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What is the purpose of art?
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People use art to tell narratives

People use art to tell a story, either to describe one moment or a sequence of events. Since very early in history, people told stories using pictures.

The Argument

People use art to depict stories from myth, legend, religion, history, and literature. These stories can vary in their content. People also use art to depict narratives about their everyday life activities.[1] Unlike classic art, this type of art has a time dimension to describe the sequence of events in the story. The narrative purpose of art is very important. Unlike reading words to understand a story, narrative art gives a more rich experience and promotes an individual’s imagination of the story as the famous saying goes: an image is worth a thousand words. Visuals are also easier to remember for people which helps them retain the story. Narrative art is also more practical than verbal storytelling because people can preserve the story and pass it through generations using art.[2] [3]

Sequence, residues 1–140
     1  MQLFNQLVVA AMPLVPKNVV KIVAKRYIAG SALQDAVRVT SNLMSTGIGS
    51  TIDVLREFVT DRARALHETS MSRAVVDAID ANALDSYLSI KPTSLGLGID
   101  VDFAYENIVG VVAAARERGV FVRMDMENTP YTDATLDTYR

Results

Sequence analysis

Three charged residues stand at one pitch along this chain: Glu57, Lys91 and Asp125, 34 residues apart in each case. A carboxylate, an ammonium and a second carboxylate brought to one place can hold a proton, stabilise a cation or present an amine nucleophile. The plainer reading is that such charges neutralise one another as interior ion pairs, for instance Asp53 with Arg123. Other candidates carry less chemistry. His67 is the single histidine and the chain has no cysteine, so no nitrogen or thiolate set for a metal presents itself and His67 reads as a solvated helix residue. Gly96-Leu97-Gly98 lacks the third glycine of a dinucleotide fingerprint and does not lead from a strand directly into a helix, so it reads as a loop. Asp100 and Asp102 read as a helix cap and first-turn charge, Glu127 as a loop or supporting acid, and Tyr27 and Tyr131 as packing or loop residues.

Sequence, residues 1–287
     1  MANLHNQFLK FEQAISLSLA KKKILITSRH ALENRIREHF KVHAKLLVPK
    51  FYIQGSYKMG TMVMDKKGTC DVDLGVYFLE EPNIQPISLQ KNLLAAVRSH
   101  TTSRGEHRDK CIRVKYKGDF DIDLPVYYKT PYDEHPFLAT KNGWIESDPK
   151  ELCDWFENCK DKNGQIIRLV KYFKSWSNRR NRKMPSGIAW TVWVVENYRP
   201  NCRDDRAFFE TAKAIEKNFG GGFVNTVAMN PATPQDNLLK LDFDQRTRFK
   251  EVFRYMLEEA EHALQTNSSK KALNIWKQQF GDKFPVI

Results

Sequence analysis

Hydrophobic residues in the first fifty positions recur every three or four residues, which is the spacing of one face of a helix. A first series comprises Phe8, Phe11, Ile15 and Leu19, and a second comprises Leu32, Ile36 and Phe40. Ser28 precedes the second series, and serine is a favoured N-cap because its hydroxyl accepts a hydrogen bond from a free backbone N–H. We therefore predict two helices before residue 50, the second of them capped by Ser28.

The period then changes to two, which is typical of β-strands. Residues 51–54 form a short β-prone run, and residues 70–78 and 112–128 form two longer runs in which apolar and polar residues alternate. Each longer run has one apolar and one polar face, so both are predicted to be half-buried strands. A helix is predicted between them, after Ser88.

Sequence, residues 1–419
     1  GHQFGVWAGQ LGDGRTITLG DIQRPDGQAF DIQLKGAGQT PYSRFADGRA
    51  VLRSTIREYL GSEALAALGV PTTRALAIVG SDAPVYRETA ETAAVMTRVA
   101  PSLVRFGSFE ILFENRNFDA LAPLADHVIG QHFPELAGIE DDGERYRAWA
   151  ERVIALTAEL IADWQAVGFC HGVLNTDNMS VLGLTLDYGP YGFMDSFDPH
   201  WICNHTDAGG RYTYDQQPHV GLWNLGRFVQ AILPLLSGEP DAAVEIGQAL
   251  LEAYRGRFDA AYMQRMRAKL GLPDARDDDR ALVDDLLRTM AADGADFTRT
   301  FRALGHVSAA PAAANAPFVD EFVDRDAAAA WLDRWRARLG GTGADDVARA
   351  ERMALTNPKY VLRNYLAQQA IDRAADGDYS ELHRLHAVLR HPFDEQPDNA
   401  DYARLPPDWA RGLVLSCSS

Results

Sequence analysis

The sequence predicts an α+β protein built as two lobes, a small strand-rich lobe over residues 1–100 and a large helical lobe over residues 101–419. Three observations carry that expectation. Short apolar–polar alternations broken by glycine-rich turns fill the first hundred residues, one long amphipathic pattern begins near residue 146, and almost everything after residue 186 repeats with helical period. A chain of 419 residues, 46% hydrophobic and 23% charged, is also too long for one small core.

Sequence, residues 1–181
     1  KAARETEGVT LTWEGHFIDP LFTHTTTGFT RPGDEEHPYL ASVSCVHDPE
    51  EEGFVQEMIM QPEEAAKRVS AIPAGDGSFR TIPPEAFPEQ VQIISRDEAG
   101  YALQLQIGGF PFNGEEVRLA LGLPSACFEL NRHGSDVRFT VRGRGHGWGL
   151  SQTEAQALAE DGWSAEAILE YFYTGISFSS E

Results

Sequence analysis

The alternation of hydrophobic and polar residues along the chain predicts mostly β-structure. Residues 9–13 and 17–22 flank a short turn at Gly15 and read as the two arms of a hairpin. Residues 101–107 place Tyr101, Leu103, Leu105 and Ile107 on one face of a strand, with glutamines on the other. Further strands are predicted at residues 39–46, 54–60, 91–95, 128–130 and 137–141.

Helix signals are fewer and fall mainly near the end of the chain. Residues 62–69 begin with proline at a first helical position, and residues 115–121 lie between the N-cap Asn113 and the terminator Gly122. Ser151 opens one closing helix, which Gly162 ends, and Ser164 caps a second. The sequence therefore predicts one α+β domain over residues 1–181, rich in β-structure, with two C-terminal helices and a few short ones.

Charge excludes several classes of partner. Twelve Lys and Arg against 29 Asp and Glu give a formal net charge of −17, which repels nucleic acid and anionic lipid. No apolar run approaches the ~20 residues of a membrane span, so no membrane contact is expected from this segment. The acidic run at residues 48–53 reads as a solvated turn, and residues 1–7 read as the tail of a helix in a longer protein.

Counter arguments

There is no such thing as narrative art. Pictoral artists merely show images through painting, sculpture, and other visual means. They do not narrate stories. To say that an artist narrates a story is a figure of speech because painters and artists do not tell, they show. They can only imply meaning and order of events through audience interpretations of these visulas. The only direct action artists do is showing images. Painters generally are less concerned with the chronological order of events but in their spatial arrangement. Art does not serve the purpose of narration. [4]



Rejecting the premises


This page was last edited on Friday, 27 Nov 2020 at 20:55 UTC

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